Isaac, Carol; Linda Baier Manwell; Patricia G. Devine; Cecilia Ford; Jennifer T. Sheridan; and Molly Carnes. 2016. “Difficult Dialogues: Faculty Responses to a Gender Bias Literacy Training Program.” The Qualitative Report. 21(7):1243-1265.
Carnes, Molly; Patricia G. Devine; Linda Baier Manwell; Angela Byars-Winston; Eve Fine; Cecilia E. Ford; Patrick Forscher; Carol Isaac; Anna Kaatz; Wairimu Magua; Mari Palta; and Jennifer Sheridan. 2015. “Effect of an Intervention to Break the Gender Bias Habit: A Cluster Randomized, Controlled Trial.” Academic Medicine. 90(2): 221-230.
Carnes, Molly; Patricia Devine; Carol Isaac; Linda Baier Manwell; Cecilia Ford; Angela Byars-Winston; Eve Fine; David Burke; and Jennifer Sheridan. 2012. “Promoting Institutional Change Through Bias Literacy.” Journal of Diversity in Higher Education. 5(2): 63-77. PMID: 22822416. PMCID: PMC3399596.
- More relevant publications
In 2015, Devine partnered with Molly Carnes, the director of the UW’s Center for Women’s Health Research, to examine, and potentially reduce, gender bias in departmental units covering all fields of science, engineering, and medicine …
The Gender Action Portal at Harvard University has selected the Devine et al. 2017 paper “A gender bias habit-breaking intervention led to increased hiring of female faculty in STEMM departments” in their database. The Women …
The Gender Action Portal at Harvard University has selected the Carnes et al. 2015 paper “The Effect of an Intervention to Break the Gender Bias Habit for Faculty at One Institution: A Cluster Randomized, Controlled …
“How training doctors in implicit bias could save the lives of black mothers.” Elizabeth Chuck. May 11, 2018. NBC News.
“Deeply entrenched gender bias in academic medicine is treatable.” February 27, 2018. Ted Bosworth. Clinical Psychiatry News.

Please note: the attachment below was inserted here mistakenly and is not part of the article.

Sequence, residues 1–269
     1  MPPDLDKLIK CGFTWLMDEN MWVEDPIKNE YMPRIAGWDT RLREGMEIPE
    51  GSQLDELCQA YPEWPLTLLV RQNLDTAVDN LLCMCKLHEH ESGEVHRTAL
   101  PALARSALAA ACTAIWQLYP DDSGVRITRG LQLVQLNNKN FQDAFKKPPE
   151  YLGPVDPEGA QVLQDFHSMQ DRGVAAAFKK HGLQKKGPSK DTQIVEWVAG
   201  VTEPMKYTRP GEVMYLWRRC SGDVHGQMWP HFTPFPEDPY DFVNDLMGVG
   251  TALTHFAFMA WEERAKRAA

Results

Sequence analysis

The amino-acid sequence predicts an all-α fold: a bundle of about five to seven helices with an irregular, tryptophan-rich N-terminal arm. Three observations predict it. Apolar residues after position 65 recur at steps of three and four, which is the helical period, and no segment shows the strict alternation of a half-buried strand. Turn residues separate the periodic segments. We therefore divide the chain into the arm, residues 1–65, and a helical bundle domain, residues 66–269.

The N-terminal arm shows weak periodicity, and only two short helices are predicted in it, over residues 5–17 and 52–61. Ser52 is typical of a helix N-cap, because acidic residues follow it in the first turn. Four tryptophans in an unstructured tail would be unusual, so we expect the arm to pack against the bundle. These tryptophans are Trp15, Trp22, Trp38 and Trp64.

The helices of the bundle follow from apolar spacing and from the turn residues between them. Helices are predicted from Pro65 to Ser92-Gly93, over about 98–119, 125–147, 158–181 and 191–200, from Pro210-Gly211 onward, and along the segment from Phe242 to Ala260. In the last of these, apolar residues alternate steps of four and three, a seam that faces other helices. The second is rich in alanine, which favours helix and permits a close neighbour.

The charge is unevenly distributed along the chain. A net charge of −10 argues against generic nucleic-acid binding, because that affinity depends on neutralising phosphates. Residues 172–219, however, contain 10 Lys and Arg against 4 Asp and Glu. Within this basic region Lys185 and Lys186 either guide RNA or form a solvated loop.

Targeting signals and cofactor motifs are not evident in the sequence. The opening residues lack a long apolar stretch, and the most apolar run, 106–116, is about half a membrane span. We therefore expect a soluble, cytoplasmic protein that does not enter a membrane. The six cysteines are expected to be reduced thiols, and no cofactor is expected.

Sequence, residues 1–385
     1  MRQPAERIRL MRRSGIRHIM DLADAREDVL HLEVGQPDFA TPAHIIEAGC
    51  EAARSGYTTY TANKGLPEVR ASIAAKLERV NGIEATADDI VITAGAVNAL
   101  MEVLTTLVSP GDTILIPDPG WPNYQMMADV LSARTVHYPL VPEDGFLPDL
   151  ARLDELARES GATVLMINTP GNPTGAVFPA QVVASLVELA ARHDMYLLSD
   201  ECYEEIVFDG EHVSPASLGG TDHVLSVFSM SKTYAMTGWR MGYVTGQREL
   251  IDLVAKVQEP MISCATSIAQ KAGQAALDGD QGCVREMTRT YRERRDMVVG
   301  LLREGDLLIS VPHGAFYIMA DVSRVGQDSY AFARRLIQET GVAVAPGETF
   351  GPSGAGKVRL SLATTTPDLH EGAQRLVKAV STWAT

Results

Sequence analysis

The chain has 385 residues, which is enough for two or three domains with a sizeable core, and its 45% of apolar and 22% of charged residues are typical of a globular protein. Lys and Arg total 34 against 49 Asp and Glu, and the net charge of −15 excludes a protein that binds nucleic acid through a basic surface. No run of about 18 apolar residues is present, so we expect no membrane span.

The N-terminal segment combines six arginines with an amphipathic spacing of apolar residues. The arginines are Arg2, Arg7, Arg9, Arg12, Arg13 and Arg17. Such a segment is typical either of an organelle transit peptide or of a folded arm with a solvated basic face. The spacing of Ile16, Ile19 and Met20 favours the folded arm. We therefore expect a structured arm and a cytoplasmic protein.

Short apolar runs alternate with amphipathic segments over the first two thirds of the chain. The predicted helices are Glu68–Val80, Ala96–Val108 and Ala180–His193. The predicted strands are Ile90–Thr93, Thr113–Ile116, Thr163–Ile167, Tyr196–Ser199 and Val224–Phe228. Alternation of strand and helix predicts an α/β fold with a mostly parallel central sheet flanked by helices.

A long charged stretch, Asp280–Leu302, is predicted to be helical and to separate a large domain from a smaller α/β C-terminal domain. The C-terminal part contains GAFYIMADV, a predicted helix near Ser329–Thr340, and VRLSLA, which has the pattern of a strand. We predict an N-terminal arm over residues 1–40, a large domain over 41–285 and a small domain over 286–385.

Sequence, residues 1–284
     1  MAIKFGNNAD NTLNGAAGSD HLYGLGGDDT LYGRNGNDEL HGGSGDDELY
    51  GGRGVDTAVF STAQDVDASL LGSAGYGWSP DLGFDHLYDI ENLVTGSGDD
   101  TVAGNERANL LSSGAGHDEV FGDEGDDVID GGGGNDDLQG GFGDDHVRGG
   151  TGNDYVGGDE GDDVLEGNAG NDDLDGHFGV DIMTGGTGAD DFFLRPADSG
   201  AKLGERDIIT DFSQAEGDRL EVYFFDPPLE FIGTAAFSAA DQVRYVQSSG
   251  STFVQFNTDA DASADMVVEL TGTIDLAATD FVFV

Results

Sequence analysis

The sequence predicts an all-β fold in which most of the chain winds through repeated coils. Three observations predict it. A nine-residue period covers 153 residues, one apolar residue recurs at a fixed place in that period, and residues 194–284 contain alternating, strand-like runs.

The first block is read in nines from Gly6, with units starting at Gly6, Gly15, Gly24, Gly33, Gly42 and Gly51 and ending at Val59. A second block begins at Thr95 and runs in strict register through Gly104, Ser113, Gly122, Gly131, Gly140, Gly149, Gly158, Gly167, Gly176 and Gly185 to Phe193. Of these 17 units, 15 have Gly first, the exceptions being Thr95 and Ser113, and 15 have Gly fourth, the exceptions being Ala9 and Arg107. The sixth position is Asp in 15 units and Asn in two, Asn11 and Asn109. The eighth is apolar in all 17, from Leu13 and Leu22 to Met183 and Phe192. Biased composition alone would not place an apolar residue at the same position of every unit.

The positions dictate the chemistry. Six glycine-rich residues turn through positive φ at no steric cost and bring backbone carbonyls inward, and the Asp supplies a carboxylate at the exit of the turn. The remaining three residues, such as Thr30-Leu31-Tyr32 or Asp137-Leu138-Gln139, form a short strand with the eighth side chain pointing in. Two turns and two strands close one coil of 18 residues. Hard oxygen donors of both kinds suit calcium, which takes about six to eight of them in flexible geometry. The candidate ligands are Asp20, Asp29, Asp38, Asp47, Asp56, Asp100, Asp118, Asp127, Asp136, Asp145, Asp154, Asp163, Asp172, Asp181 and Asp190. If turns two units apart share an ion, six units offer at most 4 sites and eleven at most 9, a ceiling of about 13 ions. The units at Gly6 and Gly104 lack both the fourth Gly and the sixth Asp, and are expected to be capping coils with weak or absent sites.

“New Initiatives Offer Jobs, Funding to Women Only.” Ashley Yeager. The Scientist. January 5, 2018.
“Yes, You Have Implicit Biases, Too.” David Gooblar. The Chronicle of Higher Education. November 19, 2017.
“These female engineers increased their job offers by 47% in only 2 hours.” Heidi Moore. Ladders. July 20, 2017.
“Could a Two-Hour Workshop Help Get More Women Hired in STEM?” Jesse Singal. The Cut. July 12, 2017.
“Is this how discrimination ends?” Jessica Nordell. The Atlantic. May 7, 2017.
"Gender bias: how to break the habit.” Advances & Insights: the NIH Women in Science Newsletter. 9(6): November/December 2016.
“Stop Bias and Start Change in STEM.” Beth Mitchneck. The Hill/Congress Blog. May 6, 2016.
Feature Articles: The Effect of an Intervention to Break the Gender Bias Habit for Faculty at One Institution: A Cluster Randomized, Controlled Trial
“Feature Articles: The Effect of an Intervention to Break the Gender Bias Habit for Faculty at One Institution: A Cluster Randomized, Controlled Trial.” NIH Updates on Women in Science Newsletter. Volume 8, Issue 1, January 2015.
- More media coverage